• Look at the “lowest cell value” in the expected
table
• If less than 10: Yates Correction
• If less than 5: Fisher’s Exact test
• If ten or greater: Chi-Square with no correction
• If expected value is zero: CAN’T USE CHI-SQUARE
The “Other” Nonparametrics
SKIM THE SECOND HALF OF
CHAPTER EIGHT, FOLLOWING THE
SLIDES IN THIS PRESENTATION
Page 180: Ready for the easier
stuff? The “other” tests
Introducing (just introducing) the
“Other Nonparametric Tests” (harder, but easier;
why?)
( pages 180-190)
More advanced tests, used much less frequently
Easier: In this class, we do not “use” these tests, we
just “talk about them”
Selecting the Statistical Test:
1. Identify your dependent variable: is it “continuous / scale”
(i.e. interval or ratio ?) – if so, then use t test or ANOVA, the
parametric tests from Week Two
2. With your dependent variable: choose the column in the
following table
3. How many groups in the independent variable? Two or…
“Three or more”
4. Are the groups in the independent variable related or
unrelated?
See the following table, from Chapter 8 (page182)
Also: see the inside cover of the textbook:
– Week Two tests are on the left side
– Week Three tests are on the right side
Selecting the Test (next slide)
• The Next Slide is Very Important!
• Select the column first: output data, the
dependent data: Nominal, Ordinal, Interval or
Ratio?
• Select the Row: 2 groups? 3 (or more)?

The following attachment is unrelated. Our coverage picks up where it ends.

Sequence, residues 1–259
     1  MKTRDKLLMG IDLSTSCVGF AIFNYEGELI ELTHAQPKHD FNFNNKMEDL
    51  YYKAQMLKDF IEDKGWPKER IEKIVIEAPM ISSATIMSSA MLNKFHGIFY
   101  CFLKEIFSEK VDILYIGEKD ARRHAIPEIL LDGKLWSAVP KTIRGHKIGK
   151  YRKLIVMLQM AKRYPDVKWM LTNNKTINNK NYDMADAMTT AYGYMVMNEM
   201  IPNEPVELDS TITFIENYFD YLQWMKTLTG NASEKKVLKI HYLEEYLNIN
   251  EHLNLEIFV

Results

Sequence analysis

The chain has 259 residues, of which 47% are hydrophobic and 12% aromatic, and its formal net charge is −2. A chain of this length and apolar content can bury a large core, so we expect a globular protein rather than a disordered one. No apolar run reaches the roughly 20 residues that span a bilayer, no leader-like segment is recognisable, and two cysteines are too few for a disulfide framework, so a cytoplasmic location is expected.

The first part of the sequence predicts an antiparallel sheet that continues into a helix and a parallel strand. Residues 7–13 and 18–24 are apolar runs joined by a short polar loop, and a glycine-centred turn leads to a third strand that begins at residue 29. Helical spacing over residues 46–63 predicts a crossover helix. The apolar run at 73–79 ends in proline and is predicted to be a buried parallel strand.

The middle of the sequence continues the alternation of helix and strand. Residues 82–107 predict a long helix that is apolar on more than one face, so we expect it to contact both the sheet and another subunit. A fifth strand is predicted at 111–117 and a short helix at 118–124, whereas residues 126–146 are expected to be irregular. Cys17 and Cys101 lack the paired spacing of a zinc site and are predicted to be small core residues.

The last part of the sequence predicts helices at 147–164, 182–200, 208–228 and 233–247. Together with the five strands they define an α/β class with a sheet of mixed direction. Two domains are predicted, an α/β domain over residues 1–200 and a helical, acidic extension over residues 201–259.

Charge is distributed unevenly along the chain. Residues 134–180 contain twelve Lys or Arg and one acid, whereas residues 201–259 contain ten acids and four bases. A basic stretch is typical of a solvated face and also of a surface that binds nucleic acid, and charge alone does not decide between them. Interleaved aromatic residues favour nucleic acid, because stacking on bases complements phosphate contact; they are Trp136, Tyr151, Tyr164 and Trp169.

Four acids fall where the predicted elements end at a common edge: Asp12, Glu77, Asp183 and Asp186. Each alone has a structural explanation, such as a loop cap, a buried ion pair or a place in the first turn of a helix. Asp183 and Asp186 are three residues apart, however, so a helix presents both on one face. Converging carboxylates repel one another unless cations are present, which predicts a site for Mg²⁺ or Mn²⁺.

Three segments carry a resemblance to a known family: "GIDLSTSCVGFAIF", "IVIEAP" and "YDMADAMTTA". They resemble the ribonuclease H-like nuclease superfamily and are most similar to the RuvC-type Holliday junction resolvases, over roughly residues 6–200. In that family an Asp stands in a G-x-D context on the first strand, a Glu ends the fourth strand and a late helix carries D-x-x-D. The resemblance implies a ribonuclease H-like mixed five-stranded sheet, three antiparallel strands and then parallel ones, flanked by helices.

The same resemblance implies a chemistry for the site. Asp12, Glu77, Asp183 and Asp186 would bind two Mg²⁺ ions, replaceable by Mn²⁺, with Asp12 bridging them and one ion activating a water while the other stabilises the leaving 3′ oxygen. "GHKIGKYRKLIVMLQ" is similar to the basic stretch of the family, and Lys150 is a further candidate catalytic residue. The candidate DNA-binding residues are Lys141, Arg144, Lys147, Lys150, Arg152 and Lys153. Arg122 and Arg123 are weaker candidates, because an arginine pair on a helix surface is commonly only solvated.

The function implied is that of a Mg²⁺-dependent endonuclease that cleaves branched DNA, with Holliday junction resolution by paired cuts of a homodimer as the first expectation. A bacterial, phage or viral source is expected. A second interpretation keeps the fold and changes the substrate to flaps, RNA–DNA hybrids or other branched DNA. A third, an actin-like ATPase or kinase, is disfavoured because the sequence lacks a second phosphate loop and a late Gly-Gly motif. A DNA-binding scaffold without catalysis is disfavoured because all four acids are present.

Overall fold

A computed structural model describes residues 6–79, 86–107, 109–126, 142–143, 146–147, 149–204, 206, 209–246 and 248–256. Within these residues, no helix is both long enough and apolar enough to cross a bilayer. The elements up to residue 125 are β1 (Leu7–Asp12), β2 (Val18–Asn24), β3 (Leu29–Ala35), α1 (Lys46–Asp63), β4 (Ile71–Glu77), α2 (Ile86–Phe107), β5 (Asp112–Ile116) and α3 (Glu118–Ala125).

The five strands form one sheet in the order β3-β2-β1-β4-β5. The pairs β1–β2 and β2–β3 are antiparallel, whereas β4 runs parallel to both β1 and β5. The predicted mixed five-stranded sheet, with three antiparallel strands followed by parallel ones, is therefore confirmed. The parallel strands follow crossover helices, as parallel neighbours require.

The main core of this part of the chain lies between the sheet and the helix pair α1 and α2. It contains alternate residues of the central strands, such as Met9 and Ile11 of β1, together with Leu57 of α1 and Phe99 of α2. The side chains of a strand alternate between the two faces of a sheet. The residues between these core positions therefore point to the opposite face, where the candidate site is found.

• Select the Row: Are groups independent or
dependent?
Selecting the Statistical Test
Level of Measurement of Dependent Variable
Number of
Groups
Nominal
Ordinal
Interval/Ratio
2
Independent
χ2 test or
Fisher’s Exact
MannWhitney U
t-test
3+
Independent
χ2 test
Kruskal-Wallis
ANOVA
2
Dependent/
repeated
measures
McNemar
Wilcoxon
signed-ranks
Paired t-test
3+
Dependent/
repeated
measures
Cochran’s Q
Friedman
RANOVA
Ready for the “easy” stuff?
• The rest of chapter 8 is “harder” because the
tests seem obscure and technical, BUT
• EASIER: Back away !!! : we just want to
“SKIM”
• Seek a “light / conceptual” (no math)
understanding of the “other nonparametric
tests” (from these slides)
• Pages 180-192: a “light skim” will do…
Let’s skim the second half of
Chapter Eight (the “other” tests)
HOW FAST DO YOU WANT TO GO?
“Analogs” / “Counterparts:”
Tests that are in the same row,
because they share some of the
same inputs
Parametric-Nonparametric Analogs
(analogs are in same row)
Parametric Te …